Peralta Mounting Formidable Support To Unseat Monserrate
In his bid to unseat state Senator Hiram Monserrate from the 13th District seat covering Jackson Heights next year, Assemblymember Jose Peralta is steadily building an army of support to back his effort.
The list of backers is heavy with labor organizations, Democratic Party officials from every level of the organization and local community organizations, including Latino groups that will be a vital cog in the battle between two leading Latino public officials.
Meanwhile, there has been little word from Monserrate since his conviction on assault charges involving his girlfriend, Karla Giraldo. Monserrate since then has been threatened with expulsion from the senate. The special senate committee that will determine his fate has already held its first meeting and possibly when the primary for the 13th Senate District seat rolls around next year, Monserrate will have been booted out of the chamber.
Peralta, 37 and a member of the Assembly representing Corona and Jackson Heights since he was elected in 2002, was propelled into the battle against Monserrate shortly after the assault conviction when Queens Democratic Leader Congressmember Joseph Crowley endorsed him to carry on the fight against Monserrate.
The party’s elected officials immediately flocked into the Peralta camp to pledge their support. The latest flurry came as Assemblymembers Jeffrion Aubry (East Elmhurst) and Michael Den Dekker and Councilmember-elect Daniel Dromm (both Jackson Heights) announced their endorsements of Peralta.
Veteran lawmaker Aubry spoke for all three when he hailed Peralta as “a Senator that will bring all communities together to achieve common goals”.
At the same time, more Democratic district leaders from within the 13th Senate District and beyond announced their support for Peralta. Just as important, among the latest endorsements were those from Marlene Tapper, former vice president of the National Women’s Political Caucus and Miguel Lopez of the International Alliance of Latinos and the Si Se Puede Democratic Club of Corona.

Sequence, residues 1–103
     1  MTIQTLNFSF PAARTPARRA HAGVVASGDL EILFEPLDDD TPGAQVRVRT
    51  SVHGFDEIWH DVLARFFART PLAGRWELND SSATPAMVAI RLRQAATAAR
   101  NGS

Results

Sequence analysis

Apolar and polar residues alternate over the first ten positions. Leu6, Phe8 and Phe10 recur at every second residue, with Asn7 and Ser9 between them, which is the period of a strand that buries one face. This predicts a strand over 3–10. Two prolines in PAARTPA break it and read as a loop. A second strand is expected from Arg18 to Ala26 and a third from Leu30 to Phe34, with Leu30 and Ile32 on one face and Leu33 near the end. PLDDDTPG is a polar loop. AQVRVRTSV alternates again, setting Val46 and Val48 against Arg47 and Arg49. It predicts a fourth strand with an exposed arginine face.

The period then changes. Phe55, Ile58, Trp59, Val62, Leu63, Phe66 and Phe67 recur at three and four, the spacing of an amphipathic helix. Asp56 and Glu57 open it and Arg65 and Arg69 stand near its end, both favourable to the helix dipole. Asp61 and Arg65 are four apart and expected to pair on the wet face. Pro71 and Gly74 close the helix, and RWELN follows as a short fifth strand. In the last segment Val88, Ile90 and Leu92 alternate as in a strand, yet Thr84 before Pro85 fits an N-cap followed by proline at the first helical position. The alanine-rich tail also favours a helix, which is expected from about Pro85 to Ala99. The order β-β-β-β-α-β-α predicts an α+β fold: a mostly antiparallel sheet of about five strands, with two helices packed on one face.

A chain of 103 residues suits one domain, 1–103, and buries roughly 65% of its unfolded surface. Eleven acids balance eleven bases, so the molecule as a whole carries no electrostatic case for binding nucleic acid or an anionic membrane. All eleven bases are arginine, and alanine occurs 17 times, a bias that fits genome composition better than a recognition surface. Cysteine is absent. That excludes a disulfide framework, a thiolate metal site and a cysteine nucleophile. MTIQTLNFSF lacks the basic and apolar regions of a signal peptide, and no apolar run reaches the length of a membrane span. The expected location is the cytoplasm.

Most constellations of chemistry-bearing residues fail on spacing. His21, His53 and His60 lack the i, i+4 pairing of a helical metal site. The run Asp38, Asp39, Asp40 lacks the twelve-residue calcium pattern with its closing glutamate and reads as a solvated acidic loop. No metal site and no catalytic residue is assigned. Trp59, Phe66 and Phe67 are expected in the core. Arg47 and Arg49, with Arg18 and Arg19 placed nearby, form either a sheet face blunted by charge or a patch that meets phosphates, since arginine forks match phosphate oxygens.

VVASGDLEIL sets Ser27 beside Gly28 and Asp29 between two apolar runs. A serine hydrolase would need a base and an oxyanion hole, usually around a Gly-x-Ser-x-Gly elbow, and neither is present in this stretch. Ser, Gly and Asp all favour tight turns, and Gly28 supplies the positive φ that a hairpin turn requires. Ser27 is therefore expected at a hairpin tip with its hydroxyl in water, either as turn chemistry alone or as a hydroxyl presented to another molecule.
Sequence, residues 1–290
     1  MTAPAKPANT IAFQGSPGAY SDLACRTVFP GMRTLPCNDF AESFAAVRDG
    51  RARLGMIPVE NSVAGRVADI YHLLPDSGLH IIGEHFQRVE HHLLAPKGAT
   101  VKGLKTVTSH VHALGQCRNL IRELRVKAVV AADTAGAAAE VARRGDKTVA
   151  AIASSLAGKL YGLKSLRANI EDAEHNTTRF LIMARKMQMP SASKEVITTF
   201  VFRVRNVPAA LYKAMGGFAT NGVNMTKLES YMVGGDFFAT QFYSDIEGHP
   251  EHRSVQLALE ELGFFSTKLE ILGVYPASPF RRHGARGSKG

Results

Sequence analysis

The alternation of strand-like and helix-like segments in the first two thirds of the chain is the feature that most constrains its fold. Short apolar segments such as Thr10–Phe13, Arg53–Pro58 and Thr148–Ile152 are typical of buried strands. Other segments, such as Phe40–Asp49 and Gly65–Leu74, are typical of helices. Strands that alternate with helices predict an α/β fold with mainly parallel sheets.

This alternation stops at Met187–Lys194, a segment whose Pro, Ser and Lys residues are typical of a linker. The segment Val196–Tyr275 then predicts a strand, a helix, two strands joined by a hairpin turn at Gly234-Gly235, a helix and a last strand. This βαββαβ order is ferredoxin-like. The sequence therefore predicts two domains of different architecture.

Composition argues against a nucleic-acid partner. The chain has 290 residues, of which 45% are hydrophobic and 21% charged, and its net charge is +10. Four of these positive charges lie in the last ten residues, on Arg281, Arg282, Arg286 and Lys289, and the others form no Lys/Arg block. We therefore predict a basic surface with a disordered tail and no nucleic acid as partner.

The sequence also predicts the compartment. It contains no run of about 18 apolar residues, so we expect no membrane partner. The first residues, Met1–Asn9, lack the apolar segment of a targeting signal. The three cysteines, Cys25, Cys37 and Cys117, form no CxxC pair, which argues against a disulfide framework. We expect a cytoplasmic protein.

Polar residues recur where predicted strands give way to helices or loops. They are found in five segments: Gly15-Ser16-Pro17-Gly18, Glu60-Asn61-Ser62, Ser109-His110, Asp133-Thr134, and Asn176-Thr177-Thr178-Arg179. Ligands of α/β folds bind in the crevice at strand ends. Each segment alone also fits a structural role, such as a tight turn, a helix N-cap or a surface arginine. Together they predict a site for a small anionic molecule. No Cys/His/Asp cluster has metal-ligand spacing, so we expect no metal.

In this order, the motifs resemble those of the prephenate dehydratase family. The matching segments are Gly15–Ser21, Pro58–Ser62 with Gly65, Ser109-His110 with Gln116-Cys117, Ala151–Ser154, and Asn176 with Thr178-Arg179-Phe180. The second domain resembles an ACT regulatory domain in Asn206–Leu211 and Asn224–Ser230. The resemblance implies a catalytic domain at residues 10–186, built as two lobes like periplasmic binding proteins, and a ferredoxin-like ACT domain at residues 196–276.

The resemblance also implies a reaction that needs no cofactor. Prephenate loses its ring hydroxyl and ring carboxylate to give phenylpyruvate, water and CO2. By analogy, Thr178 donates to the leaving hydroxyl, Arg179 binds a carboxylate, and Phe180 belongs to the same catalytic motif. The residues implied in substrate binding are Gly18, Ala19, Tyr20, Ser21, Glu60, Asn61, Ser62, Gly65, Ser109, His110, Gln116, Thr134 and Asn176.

Also among the supporters joining the Peralta parade were labor organizations such as the United Association of Plumbers, Local 1, the Laborers Union, Local 79 the Enterprise Association of Steamfitters, Local 638, and the Uniformed Sanitationmen’s Association.
CROWLEY FUNDRAISER: Looking ahead to Congressmember Joseph Crowley’s bid for re-election to a seventh term next year, Assemblymember Michael Gianaris (D–Astoria) will host a fundraiser for the Elmhurst lawmaker next Monday evening, November 30, at the Pancyprian Sports Lounge, 23-15 31st St., Astoria at 7:30 p.m.
Joining Gianaris in this effort for Crowley are Philip Christopher, Nikos Mouyiaris and Peter Papanicalaou. The event announcement portrays Crowley as “a committed and strong advocate” for his Queens/Bronx district and quotes Roll Call, a Washington weekly: “Crowley has gained respect from his caucus for coalition building and legislative know-how;” the Congressional Quarterly: “He plays important roles in the Democratic caucus;” and the New York Times: “He’s considered a hard-working representative and an impassioned advocate for his district.” The district covers parts of The Bronx and Sunnyside, Woodside, Maspeth, Elmhurst, Jackson Heights, East Elmhurst and College Point in Queens.
ADDABBO: AVOID SCHOOL, HEALTH CARE CUTS: While opposing Governor David Paterson’s deficit reduction 2010 budget plan, “which would disrupt and dismantle our classrooms in midyear,” state Senator Joseph Addabbo Jr.(D–Howard Beach/Ozone Park) has been working to close a $3.7 billion budget gap, “while maintaining the quality of our educational and healthcare systems that are of paramount importance to every New Yorker”.